These Rock Cakes are much better than Hagrid's which are similar in texture to actual rocks. Harry Potter would definitely approve of these raisin-filled drop biscuits.
(This recipe was originally published in August 2017, but was updated with new photos and content in 2020).
Harry Potter's birthday is July 31st. Every year I like to plan a menu inspired by the books in honor of the occasion. There's usually a savory and sweet component (dinner and dessert).
While Hagrid's rock cakes are reminiscent of actual rocks, and are quite unpalatable, these are lovely in comparison. Traditional British rock cakes or rock buns are essentially free-form scones. These are somewhat cinnamony, and studded with a plethora of plump raisins.
This recipe is extremely simple and straight-forward. It reminds me a bit of American drop biscuits in the sense that it's a scone/biscuit type of dough, but it's dropped by spoonfuls onto a baking sheet.
This saves you from having to pat out the dough and cut it into shapes for baking. It also yields a rustic look (not unlike rocks).
How to make them
In a large mixing bowl combine all-purpose flour, sugar, baking powder, ground cinnamon and kosher salt. Add cold cubed butter (PHOTO 1). Cut the butter into the flour mixture with your fingers until crumbly (PHOTO 2).
Make a well in the center and add an egg beaten with milk (PHOTO 3). Combine to form a stiff dough (PHOTO 4). Fold in the raisins (PHOTO 5). Mix until just combined into a cohesive mass, but don't over-mix (PHOTO 6).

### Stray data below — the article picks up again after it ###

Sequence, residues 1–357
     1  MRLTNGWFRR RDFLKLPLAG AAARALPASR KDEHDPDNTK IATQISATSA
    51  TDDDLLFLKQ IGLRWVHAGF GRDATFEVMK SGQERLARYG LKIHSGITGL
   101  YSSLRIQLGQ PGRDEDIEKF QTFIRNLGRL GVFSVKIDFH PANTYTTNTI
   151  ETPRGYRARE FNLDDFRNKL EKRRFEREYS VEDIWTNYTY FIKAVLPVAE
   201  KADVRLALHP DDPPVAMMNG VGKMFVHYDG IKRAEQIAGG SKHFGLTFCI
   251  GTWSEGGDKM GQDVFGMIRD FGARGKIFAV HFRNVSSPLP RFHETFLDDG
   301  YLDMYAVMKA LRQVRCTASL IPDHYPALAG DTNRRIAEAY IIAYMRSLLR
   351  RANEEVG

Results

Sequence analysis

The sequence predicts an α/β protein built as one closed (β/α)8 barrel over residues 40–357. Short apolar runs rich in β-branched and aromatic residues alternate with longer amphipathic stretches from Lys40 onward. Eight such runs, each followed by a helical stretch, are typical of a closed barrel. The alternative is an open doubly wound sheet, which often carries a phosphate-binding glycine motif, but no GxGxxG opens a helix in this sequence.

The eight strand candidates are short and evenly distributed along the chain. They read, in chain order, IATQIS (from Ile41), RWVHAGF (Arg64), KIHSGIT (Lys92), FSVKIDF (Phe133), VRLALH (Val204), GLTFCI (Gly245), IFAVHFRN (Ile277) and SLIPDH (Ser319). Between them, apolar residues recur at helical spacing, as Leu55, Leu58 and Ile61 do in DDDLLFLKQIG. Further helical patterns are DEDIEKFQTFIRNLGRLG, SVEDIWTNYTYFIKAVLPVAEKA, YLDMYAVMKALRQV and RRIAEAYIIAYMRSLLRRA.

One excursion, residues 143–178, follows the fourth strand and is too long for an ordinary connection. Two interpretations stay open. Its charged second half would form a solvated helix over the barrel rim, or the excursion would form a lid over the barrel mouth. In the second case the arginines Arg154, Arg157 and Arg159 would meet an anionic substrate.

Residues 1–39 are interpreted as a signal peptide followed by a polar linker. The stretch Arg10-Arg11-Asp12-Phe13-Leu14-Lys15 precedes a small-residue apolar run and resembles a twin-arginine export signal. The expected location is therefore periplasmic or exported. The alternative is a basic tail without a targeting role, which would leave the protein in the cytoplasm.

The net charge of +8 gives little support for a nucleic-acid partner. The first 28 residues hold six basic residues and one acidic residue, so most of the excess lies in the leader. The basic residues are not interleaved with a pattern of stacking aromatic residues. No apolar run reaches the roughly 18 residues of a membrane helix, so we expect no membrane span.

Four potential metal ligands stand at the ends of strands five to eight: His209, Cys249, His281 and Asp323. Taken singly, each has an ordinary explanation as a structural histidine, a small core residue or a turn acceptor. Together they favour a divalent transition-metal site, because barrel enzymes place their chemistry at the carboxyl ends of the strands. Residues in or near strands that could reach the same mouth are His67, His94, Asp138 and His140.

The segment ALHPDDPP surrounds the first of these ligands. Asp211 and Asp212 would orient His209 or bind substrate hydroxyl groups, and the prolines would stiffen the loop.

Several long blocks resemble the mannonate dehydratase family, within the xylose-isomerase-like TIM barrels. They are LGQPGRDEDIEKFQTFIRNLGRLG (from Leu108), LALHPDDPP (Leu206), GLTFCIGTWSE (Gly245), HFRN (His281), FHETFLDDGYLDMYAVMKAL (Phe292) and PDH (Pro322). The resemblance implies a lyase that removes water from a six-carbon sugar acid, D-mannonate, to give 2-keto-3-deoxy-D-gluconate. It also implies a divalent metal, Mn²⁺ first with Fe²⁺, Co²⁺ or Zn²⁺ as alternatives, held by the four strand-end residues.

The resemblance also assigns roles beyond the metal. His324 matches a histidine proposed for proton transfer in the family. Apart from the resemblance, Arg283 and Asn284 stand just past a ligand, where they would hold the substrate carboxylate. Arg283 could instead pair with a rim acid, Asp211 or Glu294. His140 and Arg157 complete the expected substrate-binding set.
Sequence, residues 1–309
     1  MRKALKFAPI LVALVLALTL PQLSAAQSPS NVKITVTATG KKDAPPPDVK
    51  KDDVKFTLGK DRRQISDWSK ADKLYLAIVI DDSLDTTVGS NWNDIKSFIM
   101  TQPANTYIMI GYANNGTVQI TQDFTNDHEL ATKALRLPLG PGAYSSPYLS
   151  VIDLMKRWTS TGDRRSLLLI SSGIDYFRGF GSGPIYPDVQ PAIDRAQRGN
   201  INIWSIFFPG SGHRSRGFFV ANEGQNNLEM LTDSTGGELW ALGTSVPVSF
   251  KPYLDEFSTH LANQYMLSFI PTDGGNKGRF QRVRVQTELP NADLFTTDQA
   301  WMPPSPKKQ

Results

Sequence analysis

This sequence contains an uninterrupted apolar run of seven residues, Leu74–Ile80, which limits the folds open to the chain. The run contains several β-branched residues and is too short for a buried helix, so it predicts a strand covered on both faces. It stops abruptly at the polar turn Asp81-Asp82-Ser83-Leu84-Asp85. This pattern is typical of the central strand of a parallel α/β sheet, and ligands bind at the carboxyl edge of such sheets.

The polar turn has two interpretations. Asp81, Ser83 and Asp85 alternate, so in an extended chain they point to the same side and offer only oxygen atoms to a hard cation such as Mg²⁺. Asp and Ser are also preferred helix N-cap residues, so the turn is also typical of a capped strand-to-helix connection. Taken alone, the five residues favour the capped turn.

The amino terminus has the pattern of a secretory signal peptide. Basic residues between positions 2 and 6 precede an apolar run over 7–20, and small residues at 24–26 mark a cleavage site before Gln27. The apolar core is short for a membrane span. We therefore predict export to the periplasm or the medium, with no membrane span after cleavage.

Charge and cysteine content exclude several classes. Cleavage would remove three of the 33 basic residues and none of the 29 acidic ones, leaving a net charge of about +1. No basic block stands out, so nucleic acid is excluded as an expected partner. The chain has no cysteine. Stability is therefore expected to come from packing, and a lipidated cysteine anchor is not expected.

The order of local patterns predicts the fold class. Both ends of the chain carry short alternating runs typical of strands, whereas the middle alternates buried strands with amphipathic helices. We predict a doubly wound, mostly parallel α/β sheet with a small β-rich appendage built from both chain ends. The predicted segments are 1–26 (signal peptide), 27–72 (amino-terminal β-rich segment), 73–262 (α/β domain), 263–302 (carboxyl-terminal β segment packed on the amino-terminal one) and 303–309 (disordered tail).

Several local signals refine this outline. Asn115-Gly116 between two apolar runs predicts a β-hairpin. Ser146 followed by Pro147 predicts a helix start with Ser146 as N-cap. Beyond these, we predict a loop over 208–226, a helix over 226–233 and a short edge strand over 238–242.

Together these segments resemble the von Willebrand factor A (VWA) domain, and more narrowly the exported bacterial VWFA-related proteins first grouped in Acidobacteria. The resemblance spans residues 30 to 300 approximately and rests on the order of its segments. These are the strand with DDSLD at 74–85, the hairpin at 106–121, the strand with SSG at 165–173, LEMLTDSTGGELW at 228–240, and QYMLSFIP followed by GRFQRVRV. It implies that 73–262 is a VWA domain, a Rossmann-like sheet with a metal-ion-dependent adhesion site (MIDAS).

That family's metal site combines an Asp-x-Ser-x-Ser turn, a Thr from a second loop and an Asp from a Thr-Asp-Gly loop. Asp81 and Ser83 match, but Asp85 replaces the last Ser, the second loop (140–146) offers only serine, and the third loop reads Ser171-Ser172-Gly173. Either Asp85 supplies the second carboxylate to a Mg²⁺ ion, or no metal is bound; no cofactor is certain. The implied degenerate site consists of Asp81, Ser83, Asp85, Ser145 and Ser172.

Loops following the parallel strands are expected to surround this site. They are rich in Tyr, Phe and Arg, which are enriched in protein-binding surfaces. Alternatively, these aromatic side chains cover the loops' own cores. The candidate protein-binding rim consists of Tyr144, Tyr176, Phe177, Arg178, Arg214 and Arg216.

Use a large spoon to scoop mounds of dough onto a parchment paper-lined baking sheet. You should yield 12 roughly equal-sized blobs.
Bake for 25 to 30 minutes until the bottoms and edges are golden. Cool before serving.
Much like scones or American biscuits, the texture of these cakes is best the day they are made, however you can still enjoy them for a few days afterward (and they will not taste like rocks).
Other British recipes to make for a Harry Potter party
- Chicken and Mushroom Pies
- Individual Beef and Mushroom Pies
- Bangers and Mash
- Individual Cottage Pies
- Cherry Bakewell Birthday Cake
- British Afternoon Tea Scones
Whether you are celebrating dear Harry's fictional birth, or simply seeking a delicate and easy-to-make sweet treat, these rock cakes blow Hagrid's out of the water. Chances are you already have all of these ingredients in your pantry, so grab a mixing bowl and get cracking!
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- 2 cups all-purpose flour
- ½ cup granulated sugar
- 1 teaspoon baking powder
- ½ teaspoon ground cinnamon
- ¼ teaspoon kosher salt
- 1 stick (8 tablespoons) cold unsalted butter, cut into chunks
- 1 large egg
- ⅓ cup milk
- 1 cup raisins
- Preheat the oven to 350°F and line a cookie sheet with parchment paper. Combine the flour, sugar, baking powder, cinnamon, and salt in a large mixing bowl. With your fingertips, rub the butter into the dry ingredients until the mixture reaches the consistency of wet sand.
- Beat the egg together with the milk and pour it into the flour-butter mixture. Fold it together using a spatula to form a stiff dough (you can get in there with your hands too). Fold in the raisins. Drop dough by rounded spoonfuls 2 inches apart on the prepared cookie sheet, dividing the dough evenly into 12 mounds.
- Bake for 25 to 30 minutes or until the bottoms are golden, rotating the pan midway through baking. Cool before serving.
- For rock-hard rock cakes like Hagrid’s, just bake them for too long and eat them a week later at your own risk!
- These are best the day they are made (crusty edges, soft interior), but still very good for several days afterward.
- This recipe uses kosher salt (aka cooking salt, kitchen salt, coarse salt outside of the US). If you are using table salt, definitely scale down the salt as that is a saltier type of salt! The type of salt will make a big difference in how salty your food tastes, so keep that in mind.
- Adapted from The Unofficial Harry Potter Cookbook
*All nutritional information is based on third-party calculations and should be considered estimates. Actual nutritional content will vary with brands used, measuring methods, portion sizes and more.*